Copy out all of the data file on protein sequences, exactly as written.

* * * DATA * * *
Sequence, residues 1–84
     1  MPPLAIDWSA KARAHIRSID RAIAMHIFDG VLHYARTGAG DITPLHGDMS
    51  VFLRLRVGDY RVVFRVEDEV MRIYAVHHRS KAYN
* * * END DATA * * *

Sequence, residues 1–84
     1  MPPLAIDWSA KARAHIRSID RAIAMHIFDG VLHYARTGAG DITPLHGDMS
    51  VFLRLRVGDY RVVFRVEDEV MRIYAVHHRS KAYN